The Government of Japan has promoted All-Japan diplomacy which draws on the strengths of non-governmental actors. In this context, non-governmental organizations (NGOs) have become even more important in recent years as implementers of support activities in developing countries and as channels for offering policy proposals. Japanese NGOs play a significant role in fields that Japan excels in and can make international contributions to, such as health, water and sanitation, education, disaster risk reduction, environment and climate change, and emergency humanitarian assistance for refugees and disaster victims. MOFA regards NGOs as important partners in development cooperation, and strives to strengthen partnerships with NGOs through financial assistance, improving their operational environment, and policy dialogue.

Participants in the volunteer programs of the Japan International Cooperation Agency (JICA), including the Japan Overseas Cooperation Volunteers (JOCV) and Senior Volunteers (SV), are crucial actors in international cooperation. In the countries and regions where they are dispatched, JICA volunteers see the development challenges from the same perspective as local people and work hard together to tackle them. Such programs are highly appreciated by local people including government officials in various countries and earn their gratitude, as symbols of the “Visibility of Japanese Aid.” In addition, the programs play a substantial role not only in local economic and social development, but also in fostering mutual understanding, friendship, and goodwill between Japan and these countries and regions. Furthermore, these programs are also significant from the viewpoint that JICA volunteers bring back their volunteer experiences to help contribute to Japanese society in the end. The volunteers use their volunteer experience and stay active at home and abroad upon their return.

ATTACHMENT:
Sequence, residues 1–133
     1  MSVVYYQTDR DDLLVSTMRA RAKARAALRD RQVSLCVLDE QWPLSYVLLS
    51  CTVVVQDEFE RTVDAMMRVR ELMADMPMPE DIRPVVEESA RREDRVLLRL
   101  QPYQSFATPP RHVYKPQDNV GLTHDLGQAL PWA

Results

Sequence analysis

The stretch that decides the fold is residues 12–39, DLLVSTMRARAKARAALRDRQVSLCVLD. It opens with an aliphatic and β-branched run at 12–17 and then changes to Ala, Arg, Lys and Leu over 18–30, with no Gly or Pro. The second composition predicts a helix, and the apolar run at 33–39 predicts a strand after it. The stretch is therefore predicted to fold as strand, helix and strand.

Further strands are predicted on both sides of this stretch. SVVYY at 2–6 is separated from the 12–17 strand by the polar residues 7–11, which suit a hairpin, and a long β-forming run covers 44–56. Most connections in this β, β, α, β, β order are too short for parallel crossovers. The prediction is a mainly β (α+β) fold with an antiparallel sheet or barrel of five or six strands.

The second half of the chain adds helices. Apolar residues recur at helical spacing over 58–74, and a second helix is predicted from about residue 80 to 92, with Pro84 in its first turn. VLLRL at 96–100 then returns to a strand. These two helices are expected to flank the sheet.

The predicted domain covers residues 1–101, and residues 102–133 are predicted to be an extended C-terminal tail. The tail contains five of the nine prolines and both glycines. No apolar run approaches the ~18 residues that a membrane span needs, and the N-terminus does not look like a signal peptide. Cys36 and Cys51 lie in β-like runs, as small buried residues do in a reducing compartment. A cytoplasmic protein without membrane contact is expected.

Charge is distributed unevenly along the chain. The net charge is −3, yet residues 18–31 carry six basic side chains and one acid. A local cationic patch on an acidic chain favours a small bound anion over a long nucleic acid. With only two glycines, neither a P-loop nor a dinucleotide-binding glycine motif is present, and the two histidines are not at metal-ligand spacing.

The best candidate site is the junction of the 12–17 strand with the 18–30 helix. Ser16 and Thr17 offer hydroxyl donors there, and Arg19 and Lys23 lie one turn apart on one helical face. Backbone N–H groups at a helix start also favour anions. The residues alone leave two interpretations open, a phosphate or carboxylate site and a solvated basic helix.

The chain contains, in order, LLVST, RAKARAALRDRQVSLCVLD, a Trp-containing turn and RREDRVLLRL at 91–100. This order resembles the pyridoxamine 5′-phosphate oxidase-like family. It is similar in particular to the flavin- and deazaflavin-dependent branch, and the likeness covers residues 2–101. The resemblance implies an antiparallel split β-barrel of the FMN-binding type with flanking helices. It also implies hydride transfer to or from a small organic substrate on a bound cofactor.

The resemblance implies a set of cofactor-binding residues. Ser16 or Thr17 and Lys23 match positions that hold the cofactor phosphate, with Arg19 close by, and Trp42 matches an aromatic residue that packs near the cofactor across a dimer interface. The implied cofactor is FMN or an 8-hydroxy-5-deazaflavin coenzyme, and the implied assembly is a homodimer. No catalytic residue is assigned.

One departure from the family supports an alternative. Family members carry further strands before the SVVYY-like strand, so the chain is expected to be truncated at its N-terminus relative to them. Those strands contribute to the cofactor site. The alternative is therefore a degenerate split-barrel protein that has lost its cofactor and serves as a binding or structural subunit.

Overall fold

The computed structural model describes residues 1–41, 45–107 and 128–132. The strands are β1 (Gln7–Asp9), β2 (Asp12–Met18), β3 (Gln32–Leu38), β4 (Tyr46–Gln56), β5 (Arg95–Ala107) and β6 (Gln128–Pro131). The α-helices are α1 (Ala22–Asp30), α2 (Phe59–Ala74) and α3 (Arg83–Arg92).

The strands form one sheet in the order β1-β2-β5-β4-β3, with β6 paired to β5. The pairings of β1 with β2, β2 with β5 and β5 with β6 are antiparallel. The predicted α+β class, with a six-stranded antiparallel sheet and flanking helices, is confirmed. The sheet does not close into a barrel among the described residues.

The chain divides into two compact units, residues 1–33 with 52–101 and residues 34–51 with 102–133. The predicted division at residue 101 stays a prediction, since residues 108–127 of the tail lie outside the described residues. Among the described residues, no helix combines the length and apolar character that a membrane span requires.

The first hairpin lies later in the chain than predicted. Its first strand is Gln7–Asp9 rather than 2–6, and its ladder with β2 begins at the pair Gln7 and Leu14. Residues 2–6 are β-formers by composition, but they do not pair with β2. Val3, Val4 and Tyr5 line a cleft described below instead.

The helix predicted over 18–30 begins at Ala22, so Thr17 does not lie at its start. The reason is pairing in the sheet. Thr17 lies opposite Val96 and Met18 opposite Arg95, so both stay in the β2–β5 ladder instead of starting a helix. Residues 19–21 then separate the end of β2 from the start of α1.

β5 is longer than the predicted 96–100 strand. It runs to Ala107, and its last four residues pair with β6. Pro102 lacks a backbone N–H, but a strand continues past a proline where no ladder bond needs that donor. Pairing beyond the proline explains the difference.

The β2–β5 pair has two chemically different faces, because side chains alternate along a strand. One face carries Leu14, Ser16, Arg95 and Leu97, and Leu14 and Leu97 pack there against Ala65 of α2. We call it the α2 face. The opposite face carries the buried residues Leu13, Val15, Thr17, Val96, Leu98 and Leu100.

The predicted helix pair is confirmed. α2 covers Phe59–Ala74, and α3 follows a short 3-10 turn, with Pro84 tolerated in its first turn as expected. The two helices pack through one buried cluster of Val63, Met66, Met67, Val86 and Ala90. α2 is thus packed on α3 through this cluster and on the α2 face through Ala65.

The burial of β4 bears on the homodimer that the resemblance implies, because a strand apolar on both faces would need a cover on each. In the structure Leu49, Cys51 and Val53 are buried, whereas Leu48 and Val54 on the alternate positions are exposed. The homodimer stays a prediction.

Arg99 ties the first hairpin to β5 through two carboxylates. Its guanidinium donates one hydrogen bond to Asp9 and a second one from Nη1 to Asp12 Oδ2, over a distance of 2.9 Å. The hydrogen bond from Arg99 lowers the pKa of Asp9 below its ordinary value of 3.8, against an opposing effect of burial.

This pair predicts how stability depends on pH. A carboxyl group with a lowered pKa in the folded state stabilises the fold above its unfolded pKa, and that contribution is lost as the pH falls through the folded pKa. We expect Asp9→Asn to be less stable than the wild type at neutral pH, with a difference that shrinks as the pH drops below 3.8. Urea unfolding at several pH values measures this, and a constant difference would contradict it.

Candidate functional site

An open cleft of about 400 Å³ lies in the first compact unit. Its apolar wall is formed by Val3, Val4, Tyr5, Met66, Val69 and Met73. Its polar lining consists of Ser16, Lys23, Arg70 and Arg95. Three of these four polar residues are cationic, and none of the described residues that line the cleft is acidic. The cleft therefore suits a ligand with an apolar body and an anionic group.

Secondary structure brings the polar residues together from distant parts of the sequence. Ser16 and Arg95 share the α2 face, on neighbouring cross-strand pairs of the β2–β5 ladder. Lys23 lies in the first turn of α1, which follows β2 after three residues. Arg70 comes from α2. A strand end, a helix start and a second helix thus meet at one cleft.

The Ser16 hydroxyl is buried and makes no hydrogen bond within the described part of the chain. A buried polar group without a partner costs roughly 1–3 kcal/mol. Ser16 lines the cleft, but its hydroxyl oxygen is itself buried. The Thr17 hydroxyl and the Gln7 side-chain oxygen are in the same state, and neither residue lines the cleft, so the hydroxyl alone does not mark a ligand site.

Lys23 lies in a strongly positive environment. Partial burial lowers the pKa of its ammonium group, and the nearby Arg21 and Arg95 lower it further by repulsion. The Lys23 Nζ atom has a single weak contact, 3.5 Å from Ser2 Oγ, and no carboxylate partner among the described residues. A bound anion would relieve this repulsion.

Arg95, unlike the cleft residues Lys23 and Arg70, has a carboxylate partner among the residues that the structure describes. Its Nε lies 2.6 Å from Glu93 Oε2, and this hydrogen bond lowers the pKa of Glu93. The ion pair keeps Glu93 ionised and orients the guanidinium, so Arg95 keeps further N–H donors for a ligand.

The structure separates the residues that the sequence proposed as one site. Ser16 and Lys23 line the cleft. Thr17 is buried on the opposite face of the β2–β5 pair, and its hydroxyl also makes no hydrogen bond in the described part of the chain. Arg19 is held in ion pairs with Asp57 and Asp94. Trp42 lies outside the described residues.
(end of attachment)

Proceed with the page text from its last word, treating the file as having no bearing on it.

(Cooperation with Local Governments)

Regional revitalization is one of top priority tasks for the cabinet. MOFA is implementing all-ministry initiatives to promote regional revitalization in collaboration with local governments. At home, MOFA, jointly with municipalities, carried out “Regional Promotion Seminars,” “Diplomats’ Study Tours,” etc., to showcase regions’ attractiveness for the diplomatic corps in Tokyo and started a new project to support regional revitalization, using Iikura Guest House, the Ministry’s facility. As measures to support Japan’s local governments in promoting their attractiveness and in developing local industries and regional economies, “Regional Promotion Projects” have been conducted, using Japan’s diplomatic facilities overseas. Moreover, MOFA conducted promotional activities with local governments through local promotion projects in Asia, which were launched in 2015 to assist in recovering reputational damages caused by the Great East Japan Earthquake. In addition, MOFA actively promoted alcohol beverages produced in various regions of Japan at its overseas missions and supported overseas operations of local governments and local SMEs (small and medium-sized enterprises) by making use of ODA.